Ellis Island - Exploring My Life

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Ellis Island

Ellis Island is one of the USA's most important historic sites and also one of the most heavily visited monuments. Ellis Island opened in 1892 as a federal immigration station, a purpose it served for more than 60 years (it closed in 1954). Millions of newly arrived immigrants passed through the station during that time–in fact, it has been estimated that close to 40 percent of all current U.S. citizens can trace at least one of their ancestors to Ellis Island.

Ellis Island, in Upper New York Bay, was the gateway for millions of immigrants to the United States as the nation's busiest immigrant inspection station from 1892 until 1954. The island covers a land area of 27.5 acres, large part is created through land reclamation.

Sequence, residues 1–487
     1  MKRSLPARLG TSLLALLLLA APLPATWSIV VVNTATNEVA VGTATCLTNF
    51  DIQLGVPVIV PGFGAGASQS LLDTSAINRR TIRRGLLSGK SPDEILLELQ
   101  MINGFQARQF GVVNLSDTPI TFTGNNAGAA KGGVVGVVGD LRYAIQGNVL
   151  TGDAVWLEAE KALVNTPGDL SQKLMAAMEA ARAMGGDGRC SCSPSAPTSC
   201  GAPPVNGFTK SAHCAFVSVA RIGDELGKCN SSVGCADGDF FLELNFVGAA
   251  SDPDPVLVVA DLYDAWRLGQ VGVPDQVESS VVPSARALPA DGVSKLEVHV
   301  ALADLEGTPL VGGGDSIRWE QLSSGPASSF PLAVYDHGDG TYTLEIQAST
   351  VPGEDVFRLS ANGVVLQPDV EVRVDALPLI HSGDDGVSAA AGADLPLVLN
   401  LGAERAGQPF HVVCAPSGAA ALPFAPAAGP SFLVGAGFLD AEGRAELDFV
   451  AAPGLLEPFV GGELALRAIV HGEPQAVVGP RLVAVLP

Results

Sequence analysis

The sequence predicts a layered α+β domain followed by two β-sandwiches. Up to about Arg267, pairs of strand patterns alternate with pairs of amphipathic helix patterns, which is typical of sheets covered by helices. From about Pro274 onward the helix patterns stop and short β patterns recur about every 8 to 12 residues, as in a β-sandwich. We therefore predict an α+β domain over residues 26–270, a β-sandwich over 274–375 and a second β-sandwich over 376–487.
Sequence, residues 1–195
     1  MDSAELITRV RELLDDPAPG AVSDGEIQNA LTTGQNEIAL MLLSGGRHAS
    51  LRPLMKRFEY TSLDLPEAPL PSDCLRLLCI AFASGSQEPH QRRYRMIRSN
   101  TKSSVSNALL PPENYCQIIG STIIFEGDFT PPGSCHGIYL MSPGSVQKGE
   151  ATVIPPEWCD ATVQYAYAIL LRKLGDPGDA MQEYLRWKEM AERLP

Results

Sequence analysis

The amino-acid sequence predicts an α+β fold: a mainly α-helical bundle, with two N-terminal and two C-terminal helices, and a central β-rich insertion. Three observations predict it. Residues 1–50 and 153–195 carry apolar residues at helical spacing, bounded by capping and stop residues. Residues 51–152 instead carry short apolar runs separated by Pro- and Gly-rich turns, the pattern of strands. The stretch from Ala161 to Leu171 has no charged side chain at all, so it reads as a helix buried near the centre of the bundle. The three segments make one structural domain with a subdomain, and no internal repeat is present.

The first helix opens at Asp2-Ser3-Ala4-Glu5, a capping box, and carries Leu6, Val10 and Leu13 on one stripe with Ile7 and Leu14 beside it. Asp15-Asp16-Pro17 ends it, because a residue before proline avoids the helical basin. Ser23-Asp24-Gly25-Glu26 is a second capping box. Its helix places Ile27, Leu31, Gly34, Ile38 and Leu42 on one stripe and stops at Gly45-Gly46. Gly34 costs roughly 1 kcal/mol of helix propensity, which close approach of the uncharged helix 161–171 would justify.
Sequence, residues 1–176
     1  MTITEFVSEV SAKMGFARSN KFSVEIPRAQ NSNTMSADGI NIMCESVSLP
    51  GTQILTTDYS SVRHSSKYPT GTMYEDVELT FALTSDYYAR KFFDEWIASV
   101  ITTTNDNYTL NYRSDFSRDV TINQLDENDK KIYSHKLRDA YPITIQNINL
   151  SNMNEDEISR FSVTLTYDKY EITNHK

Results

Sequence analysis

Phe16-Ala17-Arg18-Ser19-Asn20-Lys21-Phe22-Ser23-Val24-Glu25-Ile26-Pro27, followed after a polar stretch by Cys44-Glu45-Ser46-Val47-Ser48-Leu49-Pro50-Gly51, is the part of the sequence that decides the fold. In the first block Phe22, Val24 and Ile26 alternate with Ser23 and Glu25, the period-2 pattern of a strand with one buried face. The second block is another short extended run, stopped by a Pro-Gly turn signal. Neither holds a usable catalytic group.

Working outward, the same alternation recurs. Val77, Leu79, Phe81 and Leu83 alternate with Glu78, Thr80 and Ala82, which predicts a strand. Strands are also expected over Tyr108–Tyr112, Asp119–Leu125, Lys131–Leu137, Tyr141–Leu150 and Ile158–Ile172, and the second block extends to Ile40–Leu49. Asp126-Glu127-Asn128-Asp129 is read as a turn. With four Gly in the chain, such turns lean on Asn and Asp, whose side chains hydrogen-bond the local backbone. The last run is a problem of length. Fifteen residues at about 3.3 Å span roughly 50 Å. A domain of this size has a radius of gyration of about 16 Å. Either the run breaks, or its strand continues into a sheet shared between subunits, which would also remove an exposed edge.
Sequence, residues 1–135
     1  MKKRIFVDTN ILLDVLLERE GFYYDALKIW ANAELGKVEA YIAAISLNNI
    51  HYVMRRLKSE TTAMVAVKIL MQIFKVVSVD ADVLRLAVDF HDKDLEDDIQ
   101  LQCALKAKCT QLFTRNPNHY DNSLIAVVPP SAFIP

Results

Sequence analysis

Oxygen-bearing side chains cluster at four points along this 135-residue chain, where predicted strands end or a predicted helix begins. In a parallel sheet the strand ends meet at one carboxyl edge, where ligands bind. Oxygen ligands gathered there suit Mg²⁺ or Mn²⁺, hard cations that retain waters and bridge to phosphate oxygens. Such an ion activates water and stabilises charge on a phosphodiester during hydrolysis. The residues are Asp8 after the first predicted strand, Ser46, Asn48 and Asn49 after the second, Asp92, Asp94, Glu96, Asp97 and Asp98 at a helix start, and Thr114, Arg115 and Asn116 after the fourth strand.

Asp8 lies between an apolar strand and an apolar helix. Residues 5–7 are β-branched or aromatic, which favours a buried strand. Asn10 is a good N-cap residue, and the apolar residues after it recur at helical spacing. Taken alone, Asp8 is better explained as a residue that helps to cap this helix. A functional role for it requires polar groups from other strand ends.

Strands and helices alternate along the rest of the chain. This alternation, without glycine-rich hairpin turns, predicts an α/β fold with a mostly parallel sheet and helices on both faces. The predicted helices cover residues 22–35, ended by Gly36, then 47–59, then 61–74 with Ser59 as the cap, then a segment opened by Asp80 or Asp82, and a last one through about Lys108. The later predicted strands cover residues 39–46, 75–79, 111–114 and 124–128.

Museum Highlights : 
  • The museum's self-guided exhibits chronicle Ellis Island's role in immigration history and include artifacts, photographs, prints, videos, interactive displays, oral histories, and temporary exhibits.
  • The American Family Immigration History Center
  • The American Immigrant Wall of Honor
  • Journeys: The Peopling of America Center, 1550 - 1890
  • The American Flag of Faces
  • Award-winning film documentary "Island of Hope, Island of Tears" 

How to Reach :  Statue Cruises provides ferry transportation to Ellis Island from Battery Park in New York and Liberty State Park in New Jersey from 9:00 a.m. to 5:00 p.m. daily, with extended hours in the summers. By using the same cruise ticket you can see both Statue Of Liberty & Ellis Island .

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